According to the National Association of Elementary School Principals (NAESP), about 86% of children’s waking hours are spent out of school, and 13% of kids were alone and unsupervised between 3 and 6 pm in 2020.
These statistics are reason enough why kids need after-school programs, but how do we make sure kids want to go to them and are getting something beneficial out of them?
One of the best ways to get students excited about after-school programs is to meet them where their interests are! Students have a wide variety of hobbies and interests but with around 90% of kids between the ages 2 and 17 playing video games, gaming seems like the easiest target to reach all students. But can gaming after-school programs be beneficial for the students?
Short answer; yes!
For the uninitiated, this might not seem like a stretch but I assure you it’s not. There are studies out there that show video games help develop minds with hand-eye coordination and motor skills, but one of the main focuses of any great esports program is the Social Emotional Learning (SEL) aspect it can bring.
A lot of students who play physical sports will learn basic SEL skills like teamwork, emotional intelligence, and healthy communication through their practices and time spent on a team. However, not every student wants to, can afford to, or has the ability to play sports which can result in a lot of our students missing out on vital life skills.
From the previously mentioned skills, teamwork is probably the easiest to achieve through esports since most competitive games are team games. Gaming is notorious for being toxic and encouraging bad behaviors so you might be wondering how students could gain emotional intelligence and healthy communication habits through a gaming afterschool program. This really just comes down to the curriculum you’re using and the coach's ability to speak to students effectively. Talking with students about how to handle defeat gracefully, processing information, and applying past knowledge to new situations... then immediately practicing those skills in the game, can help students build those skills faster than just being dealt hypotheticals.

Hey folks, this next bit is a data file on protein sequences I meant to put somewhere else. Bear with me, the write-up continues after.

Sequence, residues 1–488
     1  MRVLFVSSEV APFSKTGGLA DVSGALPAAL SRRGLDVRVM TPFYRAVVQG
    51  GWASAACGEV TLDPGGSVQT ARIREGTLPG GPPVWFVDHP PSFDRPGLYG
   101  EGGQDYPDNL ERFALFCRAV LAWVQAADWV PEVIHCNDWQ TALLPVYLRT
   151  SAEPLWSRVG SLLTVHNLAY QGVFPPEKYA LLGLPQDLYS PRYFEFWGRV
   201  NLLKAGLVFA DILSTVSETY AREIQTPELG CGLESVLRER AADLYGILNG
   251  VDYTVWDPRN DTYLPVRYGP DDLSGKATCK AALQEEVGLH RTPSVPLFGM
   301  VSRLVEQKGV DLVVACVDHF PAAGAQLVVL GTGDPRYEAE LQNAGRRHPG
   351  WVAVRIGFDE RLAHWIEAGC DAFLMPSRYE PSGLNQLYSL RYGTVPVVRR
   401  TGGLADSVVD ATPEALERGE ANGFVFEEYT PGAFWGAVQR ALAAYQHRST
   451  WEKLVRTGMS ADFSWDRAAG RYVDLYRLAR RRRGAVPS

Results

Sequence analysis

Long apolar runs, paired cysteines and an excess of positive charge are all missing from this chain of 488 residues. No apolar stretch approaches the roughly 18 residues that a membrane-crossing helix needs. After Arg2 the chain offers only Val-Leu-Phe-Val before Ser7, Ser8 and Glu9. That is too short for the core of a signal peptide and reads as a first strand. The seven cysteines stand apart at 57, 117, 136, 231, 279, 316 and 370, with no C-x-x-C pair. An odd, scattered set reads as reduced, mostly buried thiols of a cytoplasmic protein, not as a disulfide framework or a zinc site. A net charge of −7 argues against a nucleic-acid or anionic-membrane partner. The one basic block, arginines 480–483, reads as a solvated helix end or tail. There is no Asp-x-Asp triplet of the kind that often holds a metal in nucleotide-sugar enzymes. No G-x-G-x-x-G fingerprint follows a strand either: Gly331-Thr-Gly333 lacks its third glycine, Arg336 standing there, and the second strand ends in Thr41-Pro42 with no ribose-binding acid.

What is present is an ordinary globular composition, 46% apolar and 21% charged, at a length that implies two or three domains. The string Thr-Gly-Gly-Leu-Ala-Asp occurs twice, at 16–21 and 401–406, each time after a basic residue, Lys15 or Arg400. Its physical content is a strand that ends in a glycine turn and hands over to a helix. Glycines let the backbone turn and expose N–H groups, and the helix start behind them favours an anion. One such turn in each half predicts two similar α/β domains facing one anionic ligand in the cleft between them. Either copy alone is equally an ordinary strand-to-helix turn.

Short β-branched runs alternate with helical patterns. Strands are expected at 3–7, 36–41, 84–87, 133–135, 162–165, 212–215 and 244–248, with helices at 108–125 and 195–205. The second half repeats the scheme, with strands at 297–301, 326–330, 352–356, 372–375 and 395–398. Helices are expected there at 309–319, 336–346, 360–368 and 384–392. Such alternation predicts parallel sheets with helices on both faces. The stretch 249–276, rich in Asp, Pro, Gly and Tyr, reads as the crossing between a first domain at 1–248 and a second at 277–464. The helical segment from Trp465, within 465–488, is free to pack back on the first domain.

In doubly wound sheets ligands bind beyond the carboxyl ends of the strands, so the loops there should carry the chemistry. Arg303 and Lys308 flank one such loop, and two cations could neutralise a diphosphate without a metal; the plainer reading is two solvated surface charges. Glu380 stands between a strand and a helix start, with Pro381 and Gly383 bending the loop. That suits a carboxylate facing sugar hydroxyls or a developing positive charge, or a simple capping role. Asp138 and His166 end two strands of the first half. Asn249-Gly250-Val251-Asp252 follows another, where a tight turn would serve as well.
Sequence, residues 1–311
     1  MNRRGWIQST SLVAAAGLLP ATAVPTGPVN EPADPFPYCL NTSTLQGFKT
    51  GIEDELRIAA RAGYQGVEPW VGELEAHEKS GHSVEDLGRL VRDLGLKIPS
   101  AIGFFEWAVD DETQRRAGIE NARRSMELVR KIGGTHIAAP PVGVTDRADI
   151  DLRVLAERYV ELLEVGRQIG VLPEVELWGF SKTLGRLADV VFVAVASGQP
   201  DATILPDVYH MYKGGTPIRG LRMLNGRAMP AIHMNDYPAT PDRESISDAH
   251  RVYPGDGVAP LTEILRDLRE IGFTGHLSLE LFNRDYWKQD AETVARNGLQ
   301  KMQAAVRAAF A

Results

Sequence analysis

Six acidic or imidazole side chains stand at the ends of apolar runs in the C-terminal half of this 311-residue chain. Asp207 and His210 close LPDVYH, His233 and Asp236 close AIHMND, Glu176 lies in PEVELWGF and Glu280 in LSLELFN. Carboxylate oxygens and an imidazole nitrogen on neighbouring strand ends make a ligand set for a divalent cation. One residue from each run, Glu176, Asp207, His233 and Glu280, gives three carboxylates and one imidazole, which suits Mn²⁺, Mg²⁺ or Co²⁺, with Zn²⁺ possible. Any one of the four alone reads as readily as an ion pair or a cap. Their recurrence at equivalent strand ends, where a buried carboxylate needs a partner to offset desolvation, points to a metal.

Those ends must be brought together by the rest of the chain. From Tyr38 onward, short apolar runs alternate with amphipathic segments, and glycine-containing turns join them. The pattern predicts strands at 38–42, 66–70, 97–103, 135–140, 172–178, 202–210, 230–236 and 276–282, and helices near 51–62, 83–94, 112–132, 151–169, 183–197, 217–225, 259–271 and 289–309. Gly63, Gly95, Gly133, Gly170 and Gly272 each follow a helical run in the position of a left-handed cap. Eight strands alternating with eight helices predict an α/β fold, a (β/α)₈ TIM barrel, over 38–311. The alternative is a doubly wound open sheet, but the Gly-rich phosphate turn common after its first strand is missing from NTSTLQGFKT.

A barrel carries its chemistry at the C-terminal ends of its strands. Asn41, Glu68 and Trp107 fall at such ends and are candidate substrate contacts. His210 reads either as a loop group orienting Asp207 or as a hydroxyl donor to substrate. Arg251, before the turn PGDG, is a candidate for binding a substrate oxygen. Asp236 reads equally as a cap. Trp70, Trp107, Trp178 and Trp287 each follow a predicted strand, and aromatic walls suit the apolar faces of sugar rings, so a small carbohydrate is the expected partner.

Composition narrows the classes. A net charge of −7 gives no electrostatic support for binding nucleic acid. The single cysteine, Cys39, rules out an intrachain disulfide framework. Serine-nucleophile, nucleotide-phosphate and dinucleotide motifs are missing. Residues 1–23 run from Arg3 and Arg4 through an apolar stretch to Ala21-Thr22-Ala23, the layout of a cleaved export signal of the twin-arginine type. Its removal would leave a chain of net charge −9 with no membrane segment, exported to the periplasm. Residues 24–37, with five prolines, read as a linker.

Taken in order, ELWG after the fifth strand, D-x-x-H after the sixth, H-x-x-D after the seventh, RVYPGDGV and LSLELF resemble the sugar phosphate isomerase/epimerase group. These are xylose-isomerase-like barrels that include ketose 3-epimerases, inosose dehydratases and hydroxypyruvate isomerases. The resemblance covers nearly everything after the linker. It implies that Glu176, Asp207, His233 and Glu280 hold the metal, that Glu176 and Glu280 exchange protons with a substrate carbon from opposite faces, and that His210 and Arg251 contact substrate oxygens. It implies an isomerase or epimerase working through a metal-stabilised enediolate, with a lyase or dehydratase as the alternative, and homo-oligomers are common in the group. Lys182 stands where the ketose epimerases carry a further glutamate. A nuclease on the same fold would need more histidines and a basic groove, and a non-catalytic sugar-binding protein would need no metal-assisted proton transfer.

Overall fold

Not all gaming-related afterschool programs have to be competitive esports though. Another great way to capture the attention of students using video games is by teaching game development. Game development teaches students a wide range of technical skills like 3D modeling, animating, and coding.
The Afterschool Alliance found that in the US 50% (24.6 million) of children would participate in an afterschool program if one were available, so why not provide afterschool programs to students that are equitable, interesting, and overall beneficial to the students?
Check out the rest of our site to get more information on STEM Forged esports and game design programs!